Museum of Contemporary Art (MCA), Chicago
You go there for 10 hours a day, sometimes 12. You stare at the project, thinking with a strained look, interrupted only by phone calls from important friends who have brilliant insights on your work. You wear very scruffy clothing, but you’ve been working this look and people know you’re covered in a thin crust because of the intense schedule of painting and building to which you are a faithful acolyte.
You have a pile of drawings scattered in the corner in a tornado of angst. One day, perhaps, a true connoisseur will pick one up from the pile, the best one. You keep creating, and are rediscovered from time to time. You stay there late, exhausted. You bring beer.
I’m not sure where this image of the artist’s life came from, but this is the vision I sustained even as I exited undergraduate studio life and moved forward. Graduate school modulated this image, but I must have tucked it into some deep brain recesses, because it comes back to haunt my idea of what a studio practice should look like. Today I look out onto my garden-surrounded porch and view a sea urchin sculpture explosion on the table, covered in gesso and black paint, drying from the night before. There are oversized penguin drawings on the dining room table, surrounded by feather pieces that my cats have been trying to conquer for weeks.
A few miles south of here in a hot industrial space, there’s a mass of pink foam chunks surrounded by paper slices, with DJ black lights and skeleton chandeliers balanced around the moat of scraps. Things are messy. And studio time rarely comes in those beautiful 12-hour cascades of productivity. I clean things up and have a sort of homeostasis for the space during visits and open studios, but a ragged spillover in terms of time and space is my happy reality.
To help question my original ideal studio universe, I did some surveying-the-choir research with the following post on Facebook:
hello artists -- what does your studio practice really look like? How many hours, all at home, all away from home, are you messy like me?
Yes, I went looking for a mess. And I heard from Darrell Roberts with photos right away, showing the overflowing visual splendor of his space.
Somewhere in my striving for sustained professional practice I had decided that the studio should be a symphony of clarity and purpose. When I stepped into Darrell’s space and saw a big pile of pencils and chalk flowing over onto a stack of papers, I felt like I was home. Now when things start to get entropic in my space I think about Darrell’s joyful and productive way of working, stop in my tracks, and snap a picture on my phone to celebrate it.
While Darrell’s practice has a specific site, he travels his studio-at-large fluidly and immerses himself in making, viewing, and teaching at intervals. Which brings up the issue of time. Recently when poet Dan Godston asked me to participate in a panel discussion on the intersection of writing and visual arts practices in Chicago, our conversation about space quickly became an analysis of time: the idea of the studio needing to occupy a space of any sort was tossed out, with time being set as the determining dimension of artistic practice. While I need to produce and stage work with an understanding of how it will meet its audience in space, the emphasis on time stuck with me.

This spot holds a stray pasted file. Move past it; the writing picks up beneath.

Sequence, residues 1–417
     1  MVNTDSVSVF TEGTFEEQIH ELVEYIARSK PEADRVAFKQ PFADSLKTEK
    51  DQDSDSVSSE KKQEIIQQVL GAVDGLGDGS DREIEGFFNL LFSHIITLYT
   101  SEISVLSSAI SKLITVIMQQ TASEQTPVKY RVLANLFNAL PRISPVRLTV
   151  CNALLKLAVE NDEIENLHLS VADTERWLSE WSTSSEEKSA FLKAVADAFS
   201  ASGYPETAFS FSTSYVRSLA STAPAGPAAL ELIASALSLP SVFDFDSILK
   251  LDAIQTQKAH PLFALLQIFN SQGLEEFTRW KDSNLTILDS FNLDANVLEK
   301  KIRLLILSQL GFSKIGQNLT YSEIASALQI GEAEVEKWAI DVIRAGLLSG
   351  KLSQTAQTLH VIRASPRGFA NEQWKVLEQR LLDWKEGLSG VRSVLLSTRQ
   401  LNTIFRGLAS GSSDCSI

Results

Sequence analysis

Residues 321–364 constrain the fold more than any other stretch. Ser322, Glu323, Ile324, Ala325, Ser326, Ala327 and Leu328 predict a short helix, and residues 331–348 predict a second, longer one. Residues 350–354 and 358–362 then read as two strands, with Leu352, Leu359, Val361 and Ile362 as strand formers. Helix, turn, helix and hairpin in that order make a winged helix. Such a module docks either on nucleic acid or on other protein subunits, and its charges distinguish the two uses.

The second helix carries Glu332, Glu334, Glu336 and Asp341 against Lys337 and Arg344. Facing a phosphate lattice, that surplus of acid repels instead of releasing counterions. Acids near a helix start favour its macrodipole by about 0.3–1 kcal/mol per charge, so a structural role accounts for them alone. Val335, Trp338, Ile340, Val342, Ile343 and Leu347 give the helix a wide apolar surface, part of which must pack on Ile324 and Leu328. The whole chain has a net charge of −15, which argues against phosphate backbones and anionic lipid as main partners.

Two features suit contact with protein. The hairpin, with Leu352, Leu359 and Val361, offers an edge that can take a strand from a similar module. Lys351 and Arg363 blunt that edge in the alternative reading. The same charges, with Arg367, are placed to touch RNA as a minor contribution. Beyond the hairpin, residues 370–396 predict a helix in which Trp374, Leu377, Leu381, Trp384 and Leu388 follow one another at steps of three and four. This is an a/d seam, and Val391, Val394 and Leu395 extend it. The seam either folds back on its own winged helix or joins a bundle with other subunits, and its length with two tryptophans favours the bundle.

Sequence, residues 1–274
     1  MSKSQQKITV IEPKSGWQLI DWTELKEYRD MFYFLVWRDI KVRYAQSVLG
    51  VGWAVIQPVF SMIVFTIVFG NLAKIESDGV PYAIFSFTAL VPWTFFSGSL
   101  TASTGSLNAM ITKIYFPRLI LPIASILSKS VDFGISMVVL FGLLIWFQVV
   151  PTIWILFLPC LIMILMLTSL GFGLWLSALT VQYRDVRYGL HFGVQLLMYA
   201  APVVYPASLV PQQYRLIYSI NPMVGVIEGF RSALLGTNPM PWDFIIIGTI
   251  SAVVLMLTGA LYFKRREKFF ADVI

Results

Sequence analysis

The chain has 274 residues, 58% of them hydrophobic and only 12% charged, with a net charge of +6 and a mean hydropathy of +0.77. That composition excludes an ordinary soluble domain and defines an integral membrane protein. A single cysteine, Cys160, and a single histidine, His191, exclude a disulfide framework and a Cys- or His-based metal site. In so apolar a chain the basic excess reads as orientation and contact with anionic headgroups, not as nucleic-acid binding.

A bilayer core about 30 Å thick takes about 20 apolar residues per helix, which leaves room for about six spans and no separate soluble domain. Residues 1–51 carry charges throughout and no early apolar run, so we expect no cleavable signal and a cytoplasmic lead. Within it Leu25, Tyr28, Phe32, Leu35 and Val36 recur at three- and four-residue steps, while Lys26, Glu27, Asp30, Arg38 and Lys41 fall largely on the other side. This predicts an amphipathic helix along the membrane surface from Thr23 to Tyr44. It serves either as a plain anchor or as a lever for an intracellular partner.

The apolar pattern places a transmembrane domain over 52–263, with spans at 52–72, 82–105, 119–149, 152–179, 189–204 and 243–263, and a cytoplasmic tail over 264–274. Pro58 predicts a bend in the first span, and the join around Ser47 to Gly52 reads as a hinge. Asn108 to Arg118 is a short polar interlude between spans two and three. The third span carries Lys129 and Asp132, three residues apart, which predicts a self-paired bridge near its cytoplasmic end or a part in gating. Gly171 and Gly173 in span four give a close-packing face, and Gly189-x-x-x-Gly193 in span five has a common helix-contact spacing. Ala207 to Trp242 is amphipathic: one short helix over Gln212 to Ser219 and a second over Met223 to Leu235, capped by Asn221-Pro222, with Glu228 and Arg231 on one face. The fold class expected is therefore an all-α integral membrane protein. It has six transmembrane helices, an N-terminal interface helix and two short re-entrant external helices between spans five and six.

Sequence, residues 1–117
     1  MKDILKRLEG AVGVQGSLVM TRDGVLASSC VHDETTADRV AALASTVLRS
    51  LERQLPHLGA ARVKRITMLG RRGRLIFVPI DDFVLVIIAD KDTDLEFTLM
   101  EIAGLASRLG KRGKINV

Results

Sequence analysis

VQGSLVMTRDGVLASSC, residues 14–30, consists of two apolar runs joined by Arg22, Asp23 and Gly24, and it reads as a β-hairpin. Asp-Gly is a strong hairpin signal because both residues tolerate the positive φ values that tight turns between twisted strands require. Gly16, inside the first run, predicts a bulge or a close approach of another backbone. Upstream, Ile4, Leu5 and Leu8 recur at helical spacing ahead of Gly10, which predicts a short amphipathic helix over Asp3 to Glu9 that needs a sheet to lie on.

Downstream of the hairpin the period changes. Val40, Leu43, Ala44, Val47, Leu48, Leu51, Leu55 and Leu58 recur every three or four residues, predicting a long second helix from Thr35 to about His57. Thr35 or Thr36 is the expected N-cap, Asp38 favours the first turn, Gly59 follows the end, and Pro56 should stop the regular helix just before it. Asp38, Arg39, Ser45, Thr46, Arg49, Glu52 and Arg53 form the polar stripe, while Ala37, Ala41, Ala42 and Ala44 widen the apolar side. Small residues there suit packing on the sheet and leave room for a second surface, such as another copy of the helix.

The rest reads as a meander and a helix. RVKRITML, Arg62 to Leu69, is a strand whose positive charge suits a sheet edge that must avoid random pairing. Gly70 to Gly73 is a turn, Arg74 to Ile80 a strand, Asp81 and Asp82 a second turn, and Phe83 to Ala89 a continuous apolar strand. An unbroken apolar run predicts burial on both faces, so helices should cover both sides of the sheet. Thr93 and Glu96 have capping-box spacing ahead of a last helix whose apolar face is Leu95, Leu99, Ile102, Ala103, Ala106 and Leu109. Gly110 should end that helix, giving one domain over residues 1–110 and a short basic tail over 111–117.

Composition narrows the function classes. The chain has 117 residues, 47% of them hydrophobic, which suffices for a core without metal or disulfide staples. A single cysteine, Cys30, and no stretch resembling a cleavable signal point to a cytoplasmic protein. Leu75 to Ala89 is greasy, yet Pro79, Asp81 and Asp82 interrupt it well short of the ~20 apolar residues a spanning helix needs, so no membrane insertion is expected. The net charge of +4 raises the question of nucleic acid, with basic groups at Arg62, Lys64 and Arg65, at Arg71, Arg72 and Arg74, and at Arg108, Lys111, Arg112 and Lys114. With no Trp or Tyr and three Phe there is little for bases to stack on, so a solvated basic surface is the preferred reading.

I’m reminded of this turn in our conversation as I type furiously, waiting for sea urchins to dry. In my case, an effort to find the perfect spatial situation for artmaking was a detour from the need to establish clear boundaries for time. Creating periods of relevant focus, and allowing for things to happen without my ideal 12-hour daily retreats is crucial for me in making anything happen with a degree of independent thought. Brian Kapernekas reminded me of this when he responded to my query, including a summary of his time:
Work 8 hours a day, parent time 3-5 hours, studio 2-3 hours a day, weekends longer 4-6, sleep 5-6 hours.
Depending on upcoming exhibits, his time shakes down differently, but there are some basic proportions in play. For me each day is broken down differently, with a combination of office, studio, teaching, and whatever-the-hell else needs doing. But whenever time is dedicated to art consistently, with attention given every day or in big enough chunks for my brain to process, thoughts are formed and art gets made.
This leads me to my current expectations for studio practice, which are looking richer at the moment than my original fantasies:
You go to the studio every day, but the studio is situated in four different places, and travels. You go there for 10 hours a day, split into fragments, with residencies adding in more hours and teaching subtracting or integrating some time in phases. All friends are important, and you contact each other in waves. People discover your work because you tell them about it. Your clothing is scruffy sometimes, but the thin crust is unintentional and you relish the chance to wash it off. Your cats are hell-bent on curbing your productivity. You bring coffee.
Annie Heckman is a visual artist based in Chicago. Her work explores mortality and afterlife ideologies through sculptural animation installations and works on paper. She graduated with a BFA from the University of Illinois at Chicago and an MFA from New York University, both in Studio Art. Annie has exhibited her projects in numerous spaces, including exhibitions in Chicago, New York City, Budapest, and Białystok, Poland. Her recent projects include animation installations using phosphorescence and moving parts. She is the founder of StepSister Press and works as a museum educator with the Museum of Contemporary Art in Chicago. Other Links: Darrell Roberts: http://www.darrell-roberts.com/, Dan Godston (Borderbend Arts Collective): http://www.borderbend.org/, Brian Kapernekas: http://kapernekas.com/